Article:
Prognostic consequences of borderline dysnatremia: pay attention to minimal serum sodium change
1 Medical ICU, Saint-Etienne University Hospital, Avenue Albert Raymond, 42270, Saint-Priest-en-Jarez, France; Jacques Lisfranc Faculty of Medicine, Jean Monnet University, 15 Rue Ambroise Paré, 42023, Saint-Etienne, France
2 Medical ICU, Gabriel Montpied University Hospital, 58 Rue Montalembert, 63003, Clermont-Ferrand Cedex 1, France
3 University of Grenoble 1 (Joseph Fourier) Integrated Research Center U 823 - Albert Bonniot Institute, Grenoble University Hospital, Rond Point de la Chantourne, 38706, La Tronche, Grenoble, France
4 Polyvalent ICU, Grenoble University Hospital, Pavillon Dauphine, BP217, 38043, Grenoble Cedex 9, France
5 Department of Physiology, Cochin University Hospital, APHP, 27 Rue du Faubourg St Jacques, 75014, Paris, France
6 Medical ICU, St Louis University Hospital, 1 Avenue Claude Vellefaux, 75010, Paris, France
7 Medical-Surgical ICU, Avicenne University Hospital, 125 Rue de Stalingrad, 93000, Bobigny, France; Paris-13 University, 93000, Bobigny, France
8 Polyvalent ICU, Groupe Hospitalier St Joseph, 145 Rue Raymond Losserand, 75014, Paris, France
9 Polyvalent ICU, Gonesse General Hospital, 25 Rue Bernard Fevrier, 95500, Gonesse, France
10 Intensive Care Unit, Centre Hospitalier Andrée Rosemon, Avenue des Flamboyants, 97306, Cayenne, France
11 Surgical ICU, Antoine Béclère University Hospital, 157 Rue de la Porte de Trivaux, 92141, Clamart Cedex, France
12 Polyvalent ICU, Centre Hospitalier Sud Essonne Dourdan-Etampes-Siège, 26 Avenue Charles de Gaulle, 91150, Etampes, France
13 Medical-Surgical ICU, Hyeres Hospital, Rue du Maréchal Juin, 83407, Hyeres, France
14 Surgical ICU, Edouard Herriot University Hospital, Hospices Civiles de Lyon, 5 Place Arsonval, 69437, Lyon, France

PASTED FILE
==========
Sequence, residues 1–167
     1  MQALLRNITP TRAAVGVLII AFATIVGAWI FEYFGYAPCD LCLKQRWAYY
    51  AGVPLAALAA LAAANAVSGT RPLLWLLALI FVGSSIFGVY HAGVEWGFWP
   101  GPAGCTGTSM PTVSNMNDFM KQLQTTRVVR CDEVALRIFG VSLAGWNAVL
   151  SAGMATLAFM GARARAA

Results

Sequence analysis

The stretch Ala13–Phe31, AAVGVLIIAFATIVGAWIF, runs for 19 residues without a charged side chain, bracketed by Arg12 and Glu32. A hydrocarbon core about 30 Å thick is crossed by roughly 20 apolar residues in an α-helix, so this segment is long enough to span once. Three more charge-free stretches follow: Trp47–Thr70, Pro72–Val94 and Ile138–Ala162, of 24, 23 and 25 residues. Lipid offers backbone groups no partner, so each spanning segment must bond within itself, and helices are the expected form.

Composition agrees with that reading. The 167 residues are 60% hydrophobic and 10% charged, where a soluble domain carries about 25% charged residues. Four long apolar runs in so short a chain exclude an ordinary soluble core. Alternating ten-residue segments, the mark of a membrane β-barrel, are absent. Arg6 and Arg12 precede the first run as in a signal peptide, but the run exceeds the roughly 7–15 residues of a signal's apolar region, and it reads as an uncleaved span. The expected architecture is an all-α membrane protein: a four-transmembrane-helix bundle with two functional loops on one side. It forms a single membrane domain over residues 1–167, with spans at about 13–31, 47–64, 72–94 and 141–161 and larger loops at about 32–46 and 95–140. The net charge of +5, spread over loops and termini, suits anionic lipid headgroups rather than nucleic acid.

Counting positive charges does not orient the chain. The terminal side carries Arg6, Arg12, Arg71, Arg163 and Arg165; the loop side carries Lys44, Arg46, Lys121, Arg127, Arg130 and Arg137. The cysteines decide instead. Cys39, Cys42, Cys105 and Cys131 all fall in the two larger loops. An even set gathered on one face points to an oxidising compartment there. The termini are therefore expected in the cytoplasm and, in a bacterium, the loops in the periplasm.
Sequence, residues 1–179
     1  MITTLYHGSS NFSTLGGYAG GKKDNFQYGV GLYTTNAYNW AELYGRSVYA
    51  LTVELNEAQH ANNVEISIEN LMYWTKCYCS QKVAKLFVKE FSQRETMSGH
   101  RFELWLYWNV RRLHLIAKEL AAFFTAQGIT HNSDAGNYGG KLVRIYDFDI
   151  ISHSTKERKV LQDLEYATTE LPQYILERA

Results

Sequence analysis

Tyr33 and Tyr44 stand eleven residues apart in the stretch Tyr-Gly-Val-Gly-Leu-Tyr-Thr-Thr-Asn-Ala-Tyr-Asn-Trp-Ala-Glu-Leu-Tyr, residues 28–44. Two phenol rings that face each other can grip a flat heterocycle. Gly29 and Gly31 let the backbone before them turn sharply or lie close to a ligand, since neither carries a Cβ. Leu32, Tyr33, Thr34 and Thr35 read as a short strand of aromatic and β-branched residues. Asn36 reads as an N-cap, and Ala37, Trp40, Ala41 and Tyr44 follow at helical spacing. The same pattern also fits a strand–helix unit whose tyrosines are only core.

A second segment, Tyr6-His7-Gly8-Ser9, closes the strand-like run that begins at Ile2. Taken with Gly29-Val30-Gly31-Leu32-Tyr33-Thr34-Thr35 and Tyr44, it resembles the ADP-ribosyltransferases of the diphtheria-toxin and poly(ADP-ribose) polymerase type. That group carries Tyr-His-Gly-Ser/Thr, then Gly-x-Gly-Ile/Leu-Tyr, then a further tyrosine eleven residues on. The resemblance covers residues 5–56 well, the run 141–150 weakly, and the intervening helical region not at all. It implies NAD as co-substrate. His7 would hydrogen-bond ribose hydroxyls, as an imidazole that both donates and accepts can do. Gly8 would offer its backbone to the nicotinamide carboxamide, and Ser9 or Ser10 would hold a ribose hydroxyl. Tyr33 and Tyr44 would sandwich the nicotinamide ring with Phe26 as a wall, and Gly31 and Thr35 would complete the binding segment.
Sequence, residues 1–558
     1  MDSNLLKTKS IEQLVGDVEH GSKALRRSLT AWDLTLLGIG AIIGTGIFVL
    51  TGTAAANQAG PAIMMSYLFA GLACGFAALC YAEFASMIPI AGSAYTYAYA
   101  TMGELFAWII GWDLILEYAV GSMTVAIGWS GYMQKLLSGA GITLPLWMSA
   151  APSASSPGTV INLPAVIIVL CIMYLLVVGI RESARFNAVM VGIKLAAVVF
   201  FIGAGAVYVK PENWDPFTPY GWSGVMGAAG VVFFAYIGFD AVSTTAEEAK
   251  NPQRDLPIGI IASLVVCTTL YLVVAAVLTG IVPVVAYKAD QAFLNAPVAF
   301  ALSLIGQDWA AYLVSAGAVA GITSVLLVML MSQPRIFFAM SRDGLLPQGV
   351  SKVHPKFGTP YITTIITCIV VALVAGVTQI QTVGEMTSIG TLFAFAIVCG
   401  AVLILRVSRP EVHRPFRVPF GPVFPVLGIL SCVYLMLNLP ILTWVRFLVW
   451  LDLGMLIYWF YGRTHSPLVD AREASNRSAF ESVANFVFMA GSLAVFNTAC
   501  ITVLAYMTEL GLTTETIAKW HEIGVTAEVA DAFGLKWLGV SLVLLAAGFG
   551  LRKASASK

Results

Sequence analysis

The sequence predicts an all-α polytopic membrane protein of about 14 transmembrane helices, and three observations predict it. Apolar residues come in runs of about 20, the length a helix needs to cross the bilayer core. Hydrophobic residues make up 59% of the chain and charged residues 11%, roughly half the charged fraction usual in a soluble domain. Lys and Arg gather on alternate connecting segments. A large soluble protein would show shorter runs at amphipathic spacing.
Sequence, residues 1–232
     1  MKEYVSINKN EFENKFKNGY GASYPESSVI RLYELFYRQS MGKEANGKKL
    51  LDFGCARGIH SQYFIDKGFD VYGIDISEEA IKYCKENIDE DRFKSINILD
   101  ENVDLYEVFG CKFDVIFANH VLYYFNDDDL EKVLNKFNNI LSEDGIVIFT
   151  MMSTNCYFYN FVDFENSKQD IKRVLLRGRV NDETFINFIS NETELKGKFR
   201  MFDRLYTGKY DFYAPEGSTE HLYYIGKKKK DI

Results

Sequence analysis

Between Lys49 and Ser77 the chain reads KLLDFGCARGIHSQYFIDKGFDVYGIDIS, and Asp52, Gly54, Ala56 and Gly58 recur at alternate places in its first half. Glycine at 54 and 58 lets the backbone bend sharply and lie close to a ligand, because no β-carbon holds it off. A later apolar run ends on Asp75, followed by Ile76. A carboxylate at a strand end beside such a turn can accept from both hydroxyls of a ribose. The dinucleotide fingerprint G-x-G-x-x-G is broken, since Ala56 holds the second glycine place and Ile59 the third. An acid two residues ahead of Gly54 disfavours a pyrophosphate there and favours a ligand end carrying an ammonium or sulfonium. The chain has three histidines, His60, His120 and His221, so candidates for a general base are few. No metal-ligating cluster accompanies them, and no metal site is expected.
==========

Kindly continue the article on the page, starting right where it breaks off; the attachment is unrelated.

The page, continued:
Critical Care 2013, 17:R12 doi:10.1186/cc11937
See related commentary by Menon et al., http://ccforum.com/content/17/2/128Published: 21 January 2013
To assess the prevalence of dysnatremia, including borderline changes in serum sodium concentration, and to estimate the impact of these dysnatremia on mortality after adjustment for confounders.
Observational study on a prospective database fed by 13 intensive care units (ICUs). Unselected patients with ICU stay longer than 48 h were enrolled over a 14-year period were included in this study. Mild to severe hyponatremia were defined as serum sodium concentration < 135, < 130, and < 125 mmol/L respectively. Mild to severe hypernatremia were defined as serum sodium concentration > 145, > 150, and > 155 mmol/L respectively. Borderline hyponatremia and hypernatremia were defined as serum sodium concentration between 135 and 137 mmol/L or 143 and 145 respectively.
A total of 11,125 patients were included in this study. Among these patients, 3,047 (27.4%) had mild to severe hyponatremia at ICU admission, 2,258 (20.3%) had borderline hyponatremia at ICU admission, 1,078 (9.7%) had borderline hypernatremia and 877 (7.9%) had mild to severe hypernatremia. After adjustment for confounder, both moderate and severe hyponatremia (subdistribution hazard ratio (sHR) 1.82, 95% CI 1.002 to 1.395 and 1.27, 95% CI 1.01 to 1.60 respectively) were associated with day-30 mortality. Similarly, mild, moderate and severe hypernatremia (sHR 1.34, 95% CI 1.14 to 1.57; 1.51, 95% CI 1.15 to 1.99; and 2.64, 95% CI 2.00 to 3.81 respectively) were independently associated with day-30 mortality.
One-third of critically ill patients had a mild to moderate dysnatremia at ICU admission. Dysnatremia, including mild changes in serum sodium concentration, is an independent risk factor for hospital mortality and should not be neglected.